Delhi Metro goes green with solar power

Delhi Metro is turning more eco-friendly with installation of solar panels for electricity at its headquarters which will prevent 2.35 tonnes of greenhouse gas emissions per year.

The 64 panel five kilowatt (KW) solar power plant installed at the Metro Headquarters in Connaught Place can generate 15 Kilowatt hour (KWh) electricity per day, Delhi Metro spokesperson Anuj Dayal said.

This will result in preventing 2.35 tonnes of greenhouse gas (GHG) emissions per year by the Delhi Metro, recently registered by the United Nations as the first Railway project in the world to earn carbon credits.

The solar power plant presently caters to the need of lighting electrical equipments including the terrace lightings at the Metro Bhawan from dusk to dawn.

Installed at a cost of around Rs 20 lakh on an experimental basis, the five KWp Solar Photovoltaic (PV) power plant includes the crystalline silicon solar PV modules (5 Kilowatt), a maintenance-free Battery Bank of 1000 Ah capacity, Charge Controller and an Inverter.

The Delhi Metro also plans to use solar energy for IT Park and LED street lightings along Patel Chowk and Chandni Chowk Metro stations, the official said.

The system has been designed for providing uninterrupted operation of the specified loads for a period of three consecutive sunless days.

http://www.ndtv.com/convergence/ndtv/story.aspx?id=NEWEN20090088248

Delhi Metro fights against global warming

The Delhi Metro, the first railway project in the world to be registered for carbon credits by the United Nations, have received a UN certificate for preventing over 90,000 tonnes of carbon dioxide from being released into the atmosphere by reducing its power requirement, thus contributing to the fight against global warming.

The certification report was given by Germany-based validation organisation TUV NORD which conducted an audit on behalf of United Nations Framework Convention on Climate Change (UNFCCC), a DMRC release said. The DMRC was found to have restrictesd the emission of 90,004 tonnes of carbon dioxide from 2004 to 2007 by adoption of regenerative braking systems in the Delhi Metro trains.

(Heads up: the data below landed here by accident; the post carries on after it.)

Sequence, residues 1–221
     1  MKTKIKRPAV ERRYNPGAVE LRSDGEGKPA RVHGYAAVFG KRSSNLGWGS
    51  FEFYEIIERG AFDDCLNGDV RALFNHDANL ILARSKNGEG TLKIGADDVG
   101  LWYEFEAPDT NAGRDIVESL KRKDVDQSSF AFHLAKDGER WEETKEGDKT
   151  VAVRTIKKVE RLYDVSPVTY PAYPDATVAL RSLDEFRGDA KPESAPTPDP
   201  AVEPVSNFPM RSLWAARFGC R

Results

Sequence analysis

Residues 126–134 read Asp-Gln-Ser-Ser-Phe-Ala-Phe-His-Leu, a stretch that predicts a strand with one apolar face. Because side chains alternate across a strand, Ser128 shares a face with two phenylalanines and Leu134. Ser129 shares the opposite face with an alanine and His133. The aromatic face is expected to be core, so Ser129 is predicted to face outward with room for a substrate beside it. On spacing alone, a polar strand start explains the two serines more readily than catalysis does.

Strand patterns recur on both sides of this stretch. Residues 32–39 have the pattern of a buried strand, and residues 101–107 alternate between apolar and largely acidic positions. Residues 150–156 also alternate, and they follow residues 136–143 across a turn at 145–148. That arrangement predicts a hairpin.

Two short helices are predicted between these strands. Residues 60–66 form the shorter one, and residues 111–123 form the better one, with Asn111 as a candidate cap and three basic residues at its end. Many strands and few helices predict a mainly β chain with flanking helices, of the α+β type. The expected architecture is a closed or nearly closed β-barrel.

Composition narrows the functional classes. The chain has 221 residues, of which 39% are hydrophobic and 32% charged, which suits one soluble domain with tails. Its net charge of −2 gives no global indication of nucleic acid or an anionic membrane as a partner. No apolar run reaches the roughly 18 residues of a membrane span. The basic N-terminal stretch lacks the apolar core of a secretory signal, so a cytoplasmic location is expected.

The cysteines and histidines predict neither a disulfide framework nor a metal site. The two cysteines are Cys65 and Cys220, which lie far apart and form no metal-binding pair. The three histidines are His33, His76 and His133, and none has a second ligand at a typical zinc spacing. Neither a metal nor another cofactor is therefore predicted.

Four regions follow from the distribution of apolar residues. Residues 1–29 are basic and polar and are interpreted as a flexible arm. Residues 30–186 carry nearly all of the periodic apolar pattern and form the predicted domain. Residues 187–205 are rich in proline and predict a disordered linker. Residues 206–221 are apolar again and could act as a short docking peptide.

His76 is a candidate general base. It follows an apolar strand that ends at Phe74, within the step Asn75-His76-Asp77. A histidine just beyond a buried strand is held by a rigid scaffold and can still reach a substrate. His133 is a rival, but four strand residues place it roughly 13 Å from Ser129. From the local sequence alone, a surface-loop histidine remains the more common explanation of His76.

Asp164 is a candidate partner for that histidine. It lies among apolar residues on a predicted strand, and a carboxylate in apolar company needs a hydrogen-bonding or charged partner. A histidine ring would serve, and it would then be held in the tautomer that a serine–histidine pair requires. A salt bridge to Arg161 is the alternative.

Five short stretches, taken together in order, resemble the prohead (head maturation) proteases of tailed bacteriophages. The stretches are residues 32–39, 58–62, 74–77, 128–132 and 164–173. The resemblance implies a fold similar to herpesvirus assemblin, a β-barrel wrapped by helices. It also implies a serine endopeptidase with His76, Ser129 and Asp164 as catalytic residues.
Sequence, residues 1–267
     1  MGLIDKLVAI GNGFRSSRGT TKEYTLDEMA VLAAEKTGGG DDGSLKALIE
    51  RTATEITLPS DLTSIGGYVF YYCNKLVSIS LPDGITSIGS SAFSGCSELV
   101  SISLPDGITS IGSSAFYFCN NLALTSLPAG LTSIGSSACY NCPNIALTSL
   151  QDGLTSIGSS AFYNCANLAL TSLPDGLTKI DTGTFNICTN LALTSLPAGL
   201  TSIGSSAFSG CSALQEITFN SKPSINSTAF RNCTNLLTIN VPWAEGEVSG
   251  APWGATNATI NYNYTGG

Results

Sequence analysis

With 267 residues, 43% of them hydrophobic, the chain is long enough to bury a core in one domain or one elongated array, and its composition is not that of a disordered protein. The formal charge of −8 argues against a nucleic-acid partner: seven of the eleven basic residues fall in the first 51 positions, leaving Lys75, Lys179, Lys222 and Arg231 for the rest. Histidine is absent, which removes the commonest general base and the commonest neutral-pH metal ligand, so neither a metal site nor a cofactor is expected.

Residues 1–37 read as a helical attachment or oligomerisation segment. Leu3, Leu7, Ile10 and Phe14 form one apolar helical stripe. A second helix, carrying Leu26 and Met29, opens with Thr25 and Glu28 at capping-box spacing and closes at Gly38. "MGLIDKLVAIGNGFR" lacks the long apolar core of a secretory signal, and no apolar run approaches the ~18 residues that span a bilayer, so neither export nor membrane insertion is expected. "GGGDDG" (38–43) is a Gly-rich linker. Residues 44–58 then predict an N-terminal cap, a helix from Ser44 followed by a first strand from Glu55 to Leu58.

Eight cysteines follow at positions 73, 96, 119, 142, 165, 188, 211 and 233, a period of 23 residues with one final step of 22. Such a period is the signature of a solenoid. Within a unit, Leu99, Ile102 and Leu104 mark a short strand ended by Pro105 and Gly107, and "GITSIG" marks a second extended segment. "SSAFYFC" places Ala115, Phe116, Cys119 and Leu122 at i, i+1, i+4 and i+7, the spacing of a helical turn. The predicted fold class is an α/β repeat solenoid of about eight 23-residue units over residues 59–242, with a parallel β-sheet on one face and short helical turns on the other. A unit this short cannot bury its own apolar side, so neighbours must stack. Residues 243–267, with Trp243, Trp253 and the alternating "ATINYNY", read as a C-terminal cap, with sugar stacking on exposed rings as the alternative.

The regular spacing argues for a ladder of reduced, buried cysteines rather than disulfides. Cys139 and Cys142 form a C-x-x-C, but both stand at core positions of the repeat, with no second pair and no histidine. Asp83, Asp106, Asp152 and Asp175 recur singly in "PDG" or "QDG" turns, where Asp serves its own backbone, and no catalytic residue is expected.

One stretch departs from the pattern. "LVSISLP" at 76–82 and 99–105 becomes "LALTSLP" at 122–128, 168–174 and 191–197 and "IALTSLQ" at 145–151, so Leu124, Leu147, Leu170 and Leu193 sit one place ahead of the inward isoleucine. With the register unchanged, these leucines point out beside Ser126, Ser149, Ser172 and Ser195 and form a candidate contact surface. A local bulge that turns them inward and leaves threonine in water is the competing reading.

Under this regenerative braking process for which DMRC earned carbon credits, whenever trains on the Metro network apply brakes, three phase-traction motors installed on these trains act as generators to produce electrical energy which goes back into the Over Head Electricity (OHE) lines. The regenerated electrical energy that is supplied back to the OHE is used by other accelerating trains in the same service line, thus saving overall energy in the system as about 30 per cent of electricity requirement is reduced.

The DMRC also claims to have saved 1,12,500 megawatt hours of power by restricting and reusing power on its trains through regenerative braking, thus saving the emission of 90,004 tonnes of carbon dioxide into the atmosphere from 2004 to 2007. It is estimated that in 2008, release of 39,000 tonnes of CO2 was prevented and this figure will increase to over 100,000 tonnes per year once Phase-II of the Metro project is fully operational.

http://news.webindia123.com/news/ar_showdetails.asp?id=902220210&cat=&n_date=20090222

Published in: on February 23, 2009 at 4:49 pm  Leave a Comment  
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Delhi Metro gets UN certificate for preventing carbon emission

NEW DELHI: Adding yet another feather to its cap, Delhi Metro has become the first rail network in the world to get a UN certificate for preventing over 90,000 tonnes of carbon dioxide from being released into the atmosphere, doing its bit to fight against global warming.

The certification report, given by Germany-based validation organisation TUV NORD which conducted an audit on behalf of the UN Framework Convention on Climate Change Change (UNFCCC), found that the DMRC stopped the emission of 90,004 tonnes of carbon dioxide from 2004 to 2007 by adopting regenerative braking systems in the metro trains.

“The UN certificate was given to the DMRC for preventing over 90,000 tonnes of carbon dioxide from being released into the atmosphere by deducing its power requirement, thus contributing to the fight against global warming,” Delhi Metro spokesperson Anuj Dayal said today.

Under regenerative braking process for which DMRC earned carbon credits, whenever trains on the Metro network apply brakes, three phase-traction motors installed on them act as generators to produce electrical energy which goes back into the Over head Electricity (OHE) lines.

The regenerated energy that is supplied back to the OHE is used by other accelerating trains in the same service line, thus saving overall energy in the system as about 30 per cent of electricity requirement is reduced.

http://timesofindia.indiatimes.com/Cities/Delhi-Metro-gets-UN-certificate/articleshow/4169221.cms